Top 10 tech companies nurtured by Nashville Tennessee
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Photo courtesy: Wikimedia Commons

Most know Nashville as Music City, so now add the label Startup City as well

First settled by a party of Overmountain Men in 1779 on the banks of the Cumberland River, Nashville became official in 1806 as the county seat. In 1843 the city added the tag of capital of Tennessee, thanks to the river traffic and the railroad.

Another nickname for Nashville is the “Athens of the South,” so given because of all the colleges and universities. Leading the parade, Vanderbilt University has nearly 13,000 students, followed by close to 11,000 at Tennessee State U. Throw in some medical and law schools, and Nashville does fit the description of an education hub.

When mixed with politics (and money) and 1,840,000 or so citizens in the metro area, this combination makes a good recipe for startups. Medical startups lead the group, so better healthcare may come from Nashville tomorrow like music does today.

Silicon Ranch Corporation

Photo courtesy: Silicon Ranch

Our modern world needs energy, and a clean way to get that energy is from the sun. Silicon Ranch, one of the leading solar power system providers, has installed over one million solar modules. Silicon Ranch doesn’t just drop panels and run, it builds the system then remains as the long-term owner-operator for all their projects, partnering with landowners, industrial sites, utilities, and developers.

Founded in 2010 by Reagan Farr and Matthew Kisber, Silicon Ranch has received two private equity placements, both from a partnership of Greystone Managed Investments and Partners Group. The first, for $100 million, came in April 2016. The second, $55 million, arrived in January 2017. A bright bottom investment line of $155 million gives a prediction of sunny days ahead.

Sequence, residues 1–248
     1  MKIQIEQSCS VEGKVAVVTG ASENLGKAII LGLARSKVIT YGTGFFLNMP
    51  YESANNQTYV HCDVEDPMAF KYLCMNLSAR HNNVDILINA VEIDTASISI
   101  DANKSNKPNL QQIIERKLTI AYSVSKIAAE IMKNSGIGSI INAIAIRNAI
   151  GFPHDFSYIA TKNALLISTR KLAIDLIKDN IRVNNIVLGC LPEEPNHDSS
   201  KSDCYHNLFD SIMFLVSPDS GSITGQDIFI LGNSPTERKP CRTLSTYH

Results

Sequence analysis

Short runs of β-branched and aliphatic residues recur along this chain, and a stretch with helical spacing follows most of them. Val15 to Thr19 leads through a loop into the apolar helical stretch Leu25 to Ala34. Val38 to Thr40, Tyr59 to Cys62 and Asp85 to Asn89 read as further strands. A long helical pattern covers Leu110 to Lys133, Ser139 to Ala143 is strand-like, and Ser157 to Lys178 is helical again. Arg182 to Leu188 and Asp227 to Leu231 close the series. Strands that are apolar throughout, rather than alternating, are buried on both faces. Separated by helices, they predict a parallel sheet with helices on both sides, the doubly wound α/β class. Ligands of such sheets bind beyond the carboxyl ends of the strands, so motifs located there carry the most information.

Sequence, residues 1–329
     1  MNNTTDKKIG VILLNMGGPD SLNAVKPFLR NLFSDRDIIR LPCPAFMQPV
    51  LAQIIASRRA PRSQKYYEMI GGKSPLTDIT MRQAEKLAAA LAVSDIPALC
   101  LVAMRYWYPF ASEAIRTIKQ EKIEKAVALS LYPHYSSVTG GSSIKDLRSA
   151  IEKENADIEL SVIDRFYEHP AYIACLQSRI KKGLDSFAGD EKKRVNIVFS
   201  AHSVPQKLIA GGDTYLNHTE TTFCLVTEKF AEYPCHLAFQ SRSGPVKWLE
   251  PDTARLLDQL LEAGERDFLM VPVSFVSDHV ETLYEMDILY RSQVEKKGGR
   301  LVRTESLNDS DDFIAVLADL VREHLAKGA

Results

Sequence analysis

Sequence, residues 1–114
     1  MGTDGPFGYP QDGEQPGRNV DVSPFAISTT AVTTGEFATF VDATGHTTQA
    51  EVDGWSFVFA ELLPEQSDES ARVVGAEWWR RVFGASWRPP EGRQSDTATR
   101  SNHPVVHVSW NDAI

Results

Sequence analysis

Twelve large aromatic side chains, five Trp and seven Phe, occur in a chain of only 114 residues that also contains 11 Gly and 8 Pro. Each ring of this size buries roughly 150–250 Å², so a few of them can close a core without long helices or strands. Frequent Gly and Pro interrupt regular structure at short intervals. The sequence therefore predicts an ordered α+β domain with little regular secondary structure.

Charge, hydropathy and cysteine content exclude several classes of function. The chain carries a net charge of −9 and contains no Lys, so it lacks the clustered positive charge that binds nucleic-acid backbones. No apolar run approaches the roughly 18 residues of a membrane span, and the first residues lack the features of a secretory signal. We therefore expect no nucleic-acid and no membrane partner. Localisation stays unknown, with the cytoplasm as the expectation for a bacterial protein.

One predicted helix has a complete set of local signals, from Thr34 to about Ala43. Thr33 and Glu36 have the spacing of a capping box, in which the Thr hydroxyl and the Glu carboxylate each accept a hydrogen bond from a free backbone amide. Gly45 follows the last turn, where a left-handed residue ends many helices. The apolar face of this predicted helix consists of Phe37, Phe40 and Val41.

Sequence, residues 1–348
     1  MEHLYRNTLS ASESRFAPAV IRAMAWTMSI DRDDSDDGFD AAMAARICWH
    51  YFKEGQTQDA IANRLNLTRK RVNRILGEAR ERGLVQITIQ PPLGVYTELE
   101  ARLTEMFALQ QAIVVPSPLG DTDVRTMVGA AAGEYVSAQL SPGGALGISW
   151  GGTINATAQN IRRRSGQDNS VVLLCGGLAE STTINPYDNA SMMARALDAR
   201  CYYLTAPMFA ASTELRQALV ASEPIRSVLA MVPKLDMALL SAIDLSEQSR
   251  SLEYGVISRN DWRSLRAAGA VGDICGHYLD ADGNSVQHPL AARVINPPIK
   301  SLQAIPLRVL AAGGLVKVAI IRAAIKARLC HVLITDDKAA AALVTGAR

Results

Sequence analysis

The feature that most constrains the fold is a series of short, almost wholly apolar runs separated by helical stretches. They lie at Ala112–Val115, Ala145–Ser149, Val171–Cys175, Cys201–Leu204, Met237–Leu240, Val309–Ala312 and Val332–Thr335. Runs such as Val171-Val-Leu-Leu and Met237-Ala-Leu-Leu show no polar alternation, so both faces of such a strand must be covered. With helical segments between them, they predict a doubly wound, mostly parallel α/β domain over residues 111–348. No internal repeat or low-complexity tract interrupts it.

Covenant Surgical Partners

Photo courtesy: Covenant Surgical Partners

Medical costs often cause more pain than the procedures, and hospitals are one major inflation point. Enter Covenant Surgical Partners with their business model of ambulatory (walk in, walk out much more slowly) surgical centers, pathology laboratories, and physician practices. The tech hook? All back office operations happen via the cloud back in Nashville, letting surgeons and physicians focus on patients, not paperwork.

The cloud push was under way in 2008 when Covenant started, and by March 2009 a venture placement of $461k was delivered, along with another $360 in November that year. Multiple other similar placements fed growth and success attracted $35 million in Series C funding in February 2013. Another venture round and some debt financing led to a January 2014 venture placement of $18.41 million. All told, over $76 million.

Aspire Health

Photo courtesy: Aspire Health

What is old is new again as Aspire Health includes in-home patient visits in their enhanced support of patients facing serious illnesses. As 10,000 Americans reach age 65 every day, more long-term illnesses need modern care and management for better health results and patient comfort.

Founded in 2011 after smartphones made mobile computing feasible for thousands of new applications, Aspire received an undisclosed amount of Series A funding in July 2013. A month later, Nashville Capital Network prescribed $1 million in seed funding. Almost a year later, Series B bucks from four investors added another $5.5 million, followed almost a year after that with $15 million in Series C funds from Oak HC/FT. October 2016 brought four investors with Series D funding totaling $32 million. To date, Aspire Health has received around or above $54 million.

Smartvue Corporation

Photo courtesy: Smartvue

When can a 21 year old company be called a startup? When cloud-backed Internet of Things video surveillance firm Smartvue Corporation began a pivot from analog video to join the networked surveillance world starting about four years ago. Welcome to Platform-as-a-Service video.